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February 11, 2011
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Jerry Bradshaw Police K9 Training & Operations
with Jerry Bradshaw

An aviation security conundrum: Sniff my junk?

While police K-9s are prevented from sniffing human beings in typical law enforcement settings — entry to prisons notwithstanding, of course — bringing K-9 explosives detection out of the cargo hold and into the airport security lines may make a lot of sense

The 2010 Holiday season had newspaper pages and cable newscasts full of concern over our safety: Printer cartridges with explosives in cargo planes, package bombs at embassies, and continued concern over suicide bombers smuggling explosives onto passenger planes on their person. The last example gave rise to privacy debates over backscatter scanners logging images of citizens in government databases, and very thorough physical pat downs.

Last year I wrote an article comparing the effectiveness of high-tech explosives detection solutions with the relatively low-tech approach of using canines. There really is no argument that in fact, when K-9s are well-trained, well-handled and well-maintained, they are one of the best methods for locating explosive contraband. Many people are aware of their use in airports through the TSA as well as state and local law enforcement detailed to the airports around the country. However in this article I want to suggest another use.

In prisons all over the country, dogs are used as part of the layered security system to detect the illegal smuggling of contraband into prisons. Dogs are trained to sniff visitors to be sure they are not carrying illegal drugs, cigarettes, cell phones, and the like into prisons.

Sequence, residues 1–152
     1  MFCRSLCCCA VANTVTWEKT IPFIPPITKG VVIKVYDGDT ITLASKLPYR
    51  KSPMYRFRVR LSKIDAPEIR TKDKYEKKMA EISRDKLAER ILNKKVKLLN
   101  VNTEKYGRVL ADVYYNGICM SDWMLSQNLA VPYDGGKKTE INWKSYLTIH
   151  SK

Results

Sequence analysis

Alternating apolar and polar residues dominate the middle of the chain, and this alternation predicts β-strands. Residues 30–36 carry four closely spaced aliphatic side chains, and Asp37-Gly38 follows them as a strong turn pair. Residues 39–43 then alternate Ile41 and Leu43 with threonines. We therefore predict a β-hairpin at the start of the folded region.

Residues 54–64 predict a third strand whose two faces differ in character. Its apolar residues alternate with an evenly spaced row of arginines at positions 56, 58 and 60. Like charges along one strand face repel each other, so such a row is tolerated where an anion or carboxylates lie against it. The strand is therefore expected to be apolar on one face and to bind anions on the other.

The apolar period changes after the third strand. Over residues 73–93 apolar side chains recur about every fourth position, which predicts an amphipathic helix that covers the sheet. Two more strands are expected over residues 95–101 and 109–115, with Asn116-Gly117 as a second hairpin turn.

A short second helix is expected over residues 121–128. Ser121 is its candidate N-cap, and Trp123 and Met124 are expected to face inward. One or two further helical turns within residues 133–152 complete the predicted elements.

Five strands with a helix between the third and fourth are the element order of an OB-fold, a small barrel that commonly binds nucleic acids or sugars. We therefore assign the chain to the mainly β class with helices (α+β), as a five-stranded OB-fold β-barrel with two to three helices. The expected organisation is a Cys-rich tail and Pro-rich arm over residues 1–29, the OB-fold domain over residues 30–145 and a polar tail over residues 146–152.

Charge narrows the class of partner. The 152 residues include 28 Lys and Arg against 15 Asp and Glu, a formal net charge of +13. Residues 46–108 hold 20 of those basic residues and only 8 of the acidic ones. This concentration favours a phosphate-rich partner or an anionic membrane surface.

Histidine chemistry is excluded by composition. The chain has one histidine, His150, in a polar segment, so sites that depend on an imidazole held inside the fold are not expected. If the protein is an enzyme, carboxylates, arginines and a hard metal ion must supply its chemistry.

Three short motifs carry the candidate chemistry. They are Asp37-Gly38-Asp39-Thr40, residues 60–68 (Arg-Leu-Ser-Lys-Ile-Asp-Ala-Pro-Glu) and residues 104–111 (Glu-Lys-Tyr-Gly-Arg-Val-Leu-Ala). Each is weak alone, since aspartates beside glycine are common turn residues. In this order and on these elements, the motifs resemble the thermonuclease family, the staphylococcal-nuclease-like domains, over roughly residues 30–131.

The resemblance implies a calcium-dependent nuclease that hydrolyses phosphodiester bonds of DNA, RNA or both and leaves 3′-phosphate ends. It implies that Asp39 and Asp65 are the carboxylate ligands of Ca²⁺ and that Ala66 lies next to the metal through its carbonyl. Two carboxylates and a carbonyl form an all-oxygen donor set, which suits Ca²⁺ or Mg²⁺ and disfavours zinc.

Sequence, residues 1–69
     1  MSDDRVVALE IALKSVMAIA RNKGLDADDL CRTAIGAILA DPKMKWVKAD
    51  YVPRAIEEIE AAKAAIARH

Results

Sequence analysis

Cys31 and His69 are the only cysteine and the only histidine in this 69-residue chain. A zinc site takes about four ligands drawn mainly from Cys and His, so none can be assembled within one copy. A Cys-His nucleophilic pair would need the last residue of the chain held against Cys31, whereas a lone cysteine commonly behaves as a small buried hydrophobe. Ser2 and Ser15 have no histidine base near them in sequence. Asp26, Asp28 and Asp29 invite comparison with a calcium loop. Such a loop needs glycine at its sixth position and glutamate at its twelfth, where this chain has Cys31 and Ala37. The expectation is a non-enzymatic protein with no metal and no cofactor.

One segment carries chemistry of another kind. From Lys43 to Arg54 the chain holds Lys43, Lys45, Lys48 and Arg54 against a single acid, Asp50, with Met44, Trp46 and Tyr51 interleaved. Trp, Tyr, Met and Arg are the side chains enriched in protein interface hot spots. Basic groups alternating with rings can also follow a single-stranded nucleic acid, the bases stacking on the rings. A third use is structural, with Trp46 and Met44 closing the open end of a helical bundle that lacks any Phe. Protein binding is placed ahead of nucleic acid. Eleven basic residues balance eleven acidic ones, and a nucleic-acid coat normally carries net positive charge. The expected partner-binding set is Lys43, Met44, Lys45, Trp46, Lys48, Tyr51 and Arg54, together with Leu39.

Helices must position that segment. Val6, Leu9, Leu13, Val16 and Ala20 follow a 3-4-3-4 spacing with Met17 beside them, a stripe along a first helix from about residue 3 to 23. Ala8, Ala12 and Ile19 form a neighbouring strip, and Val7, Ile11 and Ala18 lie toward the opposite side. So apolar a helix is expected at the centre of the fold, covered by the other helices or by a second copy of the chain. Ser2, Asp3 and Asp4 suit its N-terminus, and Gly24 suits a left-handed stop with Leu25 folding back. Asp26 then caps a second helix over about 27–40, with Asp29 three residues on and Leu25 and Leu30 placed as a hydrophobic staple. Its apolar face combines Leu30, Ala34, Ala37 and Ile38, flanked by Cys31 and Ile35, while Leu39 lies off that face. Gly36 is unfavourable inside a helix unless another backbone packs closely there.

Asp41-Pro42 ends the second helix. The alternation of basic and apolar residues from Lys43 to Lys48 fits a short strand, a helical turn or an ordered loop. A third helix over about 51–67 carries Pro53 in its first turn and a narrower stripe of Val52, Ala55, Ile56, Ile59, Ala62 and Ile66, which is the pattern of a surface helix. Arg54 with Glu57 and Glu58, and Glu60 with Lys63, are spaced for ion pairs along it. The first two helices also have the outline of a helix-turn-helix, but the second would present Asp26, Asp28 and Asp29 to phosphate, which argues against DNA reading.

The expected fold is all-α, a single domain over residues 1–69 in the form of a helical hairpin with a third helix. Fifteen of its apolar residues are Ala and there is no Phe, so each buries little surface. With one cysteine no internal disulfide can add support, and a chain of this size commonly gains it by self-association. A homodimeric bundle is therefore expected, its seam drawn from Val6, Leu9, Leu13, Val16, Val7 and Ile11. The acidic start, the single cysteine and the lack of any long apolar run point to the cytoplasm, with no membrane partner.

That’s right, they sniff people.

This is not done in law enforcement outside of prisons due to 4th Amendment case law. I would argue that security measures in airports are already significantly invasive. While backscatter scanners and pat downs are continually criticized for going “too far” in the trade-off between security and personal liberty, I think we should have a discussion about expanding the use of K-9s in airway and railway transit policing. At airports at present, K-9s are used only for screening cargo going onto cargo planes. I think they should be part of a layered approach that needs to be significantly increased — they could easily be used for screening passengers getting onto flights.

There will be objections. Some people are afraid of dogs, and some will have religious objections to being sniffed by a dog. I think we can design a process where dog teams are used to scan people through a porous barrier at which people are waiting in line. Let’s remember that dogs already scan for contraband agricultural items and drugs in baggage claim areas.

If explosives are hidden on a person — say in a vest or waist belt under clothes — the dog is extremely capable of sourcing this based on the volatile odor emanating from the explosives. Further, if the explosives were hidden in a body cavity, the K-9 has the best chance of identifying this compared to any other technology we have at our disposal. I won’t explain the details on why that’s the case.